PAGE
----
Parents await 2020 state school year guidelines
Three scenarios. That's what State Superintendent of Schools Clayton Burch has laid out for parents, students, and staff thus far.
They include the four day week minimum for younger students, blended learning (a combination of virtual and in-person learning) for middle and high school students, and full remote learning.
No concrete decisions have been announced, though, leaving parents with many questions.
"How does a classroom when you have social distancing? When you have to wear masks... can teachers teach that way? How do we sanitize schools? How do we put up barriers?" says Nicole Walls, a Marion County mother of a rising 4th grader and kindergartener.
Those questions may be answered on Thursday's news briefing with superintendent Burch.
"I trust that they will make the right decisions, but I also know that everything that they do is not going to make everyone happy, but we just have to understand that this is a difficult situation for everyone, and they're doing their best," she adds.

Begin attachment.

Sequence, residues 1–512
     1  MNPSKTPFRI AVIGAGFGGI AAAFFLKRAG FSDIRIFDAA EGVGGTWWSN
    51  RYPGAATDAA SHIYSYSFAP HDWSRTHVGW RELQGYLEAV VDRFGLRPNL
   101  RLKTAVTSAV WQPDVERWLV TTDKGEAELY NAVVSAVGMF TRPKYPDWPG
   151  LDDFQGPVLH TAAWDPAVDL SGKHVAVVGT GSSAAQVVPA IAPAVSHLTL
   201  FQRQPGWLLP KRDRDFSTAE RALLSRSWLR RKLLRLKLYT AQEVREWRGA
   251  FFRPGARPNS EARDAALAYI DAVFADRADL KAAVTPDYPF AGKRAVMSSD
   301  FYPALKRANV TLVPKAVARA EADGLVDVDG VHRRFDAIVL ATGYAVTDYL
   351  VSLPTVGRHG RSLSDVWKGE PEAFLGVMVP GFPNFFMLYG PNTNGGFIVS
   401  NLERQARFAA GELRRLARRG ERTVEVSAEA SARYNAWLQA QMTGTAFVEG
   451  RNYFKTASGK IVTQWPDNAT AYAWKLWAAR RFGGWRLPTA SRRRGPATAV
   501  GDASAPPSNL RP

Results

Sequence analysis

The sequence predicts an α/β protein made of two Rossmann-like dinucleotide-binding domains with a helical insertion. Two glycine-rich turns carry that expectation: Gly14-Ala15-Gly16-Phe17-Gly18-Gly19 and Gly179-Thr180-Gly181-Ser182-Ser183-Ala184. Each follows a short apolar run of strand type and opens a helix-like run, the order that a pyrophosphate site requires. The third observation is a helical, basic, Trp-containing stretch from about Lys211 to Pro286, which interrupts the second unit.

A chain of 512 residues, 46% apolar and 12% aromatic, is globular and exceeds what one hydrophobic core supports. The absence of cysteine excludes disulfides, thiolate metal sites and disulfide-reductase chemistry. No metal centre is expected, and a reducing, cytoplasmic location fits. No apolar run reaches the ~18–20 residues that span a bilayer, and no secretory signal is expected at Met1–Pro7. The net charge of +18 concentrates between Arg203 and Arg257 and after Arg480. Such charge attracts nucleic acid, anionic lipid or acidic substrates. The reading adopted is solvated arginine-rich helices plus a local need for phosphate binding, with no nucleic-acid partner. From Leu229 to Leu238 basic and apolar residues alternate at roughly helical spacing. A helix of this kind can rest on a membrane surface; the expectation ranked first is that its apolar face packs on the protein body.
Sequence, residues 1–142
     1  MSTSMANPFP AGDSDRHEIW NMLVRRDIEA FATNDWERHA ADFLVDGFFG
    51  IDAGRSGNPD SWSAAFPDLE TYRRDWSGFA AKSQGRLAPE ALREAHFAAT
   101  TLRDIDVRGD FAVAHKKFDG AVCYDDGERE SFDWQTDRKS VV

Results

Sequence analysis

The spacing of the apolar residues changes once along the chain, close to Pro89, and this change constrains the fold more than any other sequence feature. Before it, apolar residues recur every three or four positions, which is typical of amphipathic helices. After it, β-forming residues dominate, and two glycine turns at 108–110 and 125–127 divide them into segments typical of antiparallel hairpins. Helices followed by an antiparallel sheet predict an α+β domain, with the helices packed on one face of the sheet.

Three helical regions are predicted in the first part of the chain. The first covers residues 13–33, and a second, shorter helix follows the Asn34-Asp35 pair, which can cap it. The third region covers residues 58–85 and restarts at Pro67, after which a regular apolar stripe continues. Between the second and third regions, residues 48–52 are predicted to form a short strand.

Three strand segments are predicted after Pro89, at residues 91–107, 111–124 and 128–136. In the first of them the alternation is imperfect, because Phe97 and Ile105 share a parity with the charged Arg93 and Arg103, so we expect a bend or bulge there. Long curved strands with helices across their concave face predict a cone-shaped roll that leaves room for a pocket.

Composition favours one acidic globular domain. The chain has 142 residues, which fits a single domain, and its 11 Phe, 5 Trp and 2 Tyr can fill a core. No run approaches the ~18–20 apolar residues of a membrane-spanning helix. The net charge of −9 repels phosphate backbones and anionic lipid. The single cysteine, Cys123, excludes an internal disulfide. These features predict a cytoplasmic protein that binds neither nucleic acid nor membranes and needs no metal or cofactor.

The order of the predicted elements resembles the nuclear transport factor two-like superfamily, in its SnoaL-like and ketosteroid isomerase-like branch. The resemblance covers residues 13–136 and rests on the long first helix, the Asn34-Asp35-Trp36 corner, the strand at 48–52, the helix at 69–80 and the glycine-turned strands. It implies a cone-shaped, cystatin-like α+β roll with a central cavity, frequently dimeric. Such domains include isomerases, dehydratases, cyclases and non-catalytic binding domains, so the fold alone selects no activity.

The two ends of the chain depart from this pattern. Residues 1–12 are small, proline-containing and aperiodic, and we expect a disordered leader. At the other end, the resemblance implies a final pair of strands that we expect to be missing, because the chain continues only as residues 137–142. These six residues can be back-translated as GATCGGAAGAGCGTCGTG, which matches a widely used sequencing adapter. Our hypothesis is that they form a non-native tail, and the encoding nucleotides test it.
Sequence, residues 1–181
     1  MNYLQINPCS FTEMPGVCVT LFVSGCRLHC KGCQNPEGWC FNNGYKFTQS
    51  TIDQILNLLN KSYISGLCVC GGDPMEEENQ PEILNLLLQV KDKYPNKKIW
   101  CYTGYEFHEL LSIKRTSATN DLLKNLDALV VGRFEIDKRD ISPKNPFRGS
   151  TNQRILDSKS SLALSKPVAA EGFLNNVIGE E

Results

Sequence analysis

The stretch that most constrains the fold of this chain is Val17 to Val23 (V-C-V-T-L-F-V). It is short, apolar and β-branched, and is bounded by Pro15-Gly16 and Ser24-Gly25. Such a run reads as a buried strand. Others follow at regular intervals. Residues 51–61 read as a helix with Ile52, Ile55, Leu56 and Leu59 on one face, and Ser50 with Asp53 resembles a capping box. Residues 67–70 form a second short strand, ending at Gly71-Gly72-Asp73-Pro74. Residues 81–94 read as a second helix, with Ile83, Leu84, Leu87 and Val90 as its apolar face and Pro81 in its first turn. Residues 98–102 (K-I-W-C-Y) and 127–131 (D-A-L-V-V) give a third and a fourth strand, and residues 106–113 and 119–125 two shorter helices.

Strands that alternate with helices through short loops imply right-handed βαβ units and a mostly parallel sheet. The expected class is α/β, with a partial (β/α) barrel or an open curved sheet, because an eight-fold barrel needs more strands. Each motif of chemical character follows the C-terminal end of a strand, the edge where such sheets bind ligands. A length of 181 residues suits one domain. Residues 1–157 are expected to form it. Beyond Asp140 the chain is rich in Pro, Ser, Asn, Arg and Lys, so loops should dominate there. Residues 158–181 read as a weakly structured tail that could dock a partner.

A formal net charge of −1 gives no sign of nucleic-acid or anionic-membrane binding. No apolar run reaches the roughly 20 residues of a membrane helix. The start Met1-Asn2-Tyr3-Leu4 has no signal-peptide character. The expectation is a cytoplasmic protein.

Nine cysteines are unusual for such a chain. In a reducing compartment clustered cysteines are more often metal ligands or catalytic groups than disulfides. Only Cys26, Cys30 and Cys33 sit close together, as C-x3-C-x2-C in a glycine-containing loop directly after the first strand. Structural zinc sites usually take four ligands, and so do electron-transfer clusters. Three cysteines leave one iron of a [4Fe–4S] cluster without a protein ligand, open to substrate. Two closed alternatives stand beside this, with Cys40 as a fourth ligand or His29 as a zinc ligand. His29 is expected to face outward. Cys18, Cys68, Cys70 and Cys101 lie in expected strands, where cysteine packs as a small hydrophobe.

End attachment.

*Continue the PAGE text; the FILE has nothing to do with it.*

"Looking forward to June 25 to release the next batch of guidance. We're gonna be more specific in detail of what may be required and what may be recommended," says Burch.
Some local parents have certain hopes for Thursday, like Lauren Ranson, Marion County mother of a rising 4th grader and 7th grader.
"I'm hoping my kids will be able to go to school as much as they can because they really like the interaction with their classmates, and I think that's a very important part of going to schools, but I just hope they decide what is best and safest for kids, and what will help the families," says Ranson.
"Decisions must be made on what resources are available, how we sanitize and make sure that we have clean environments, how we screen and put in the protocol to make sure our staff and students are safe, and those are the guidelines we look to release on June 25," says Burch.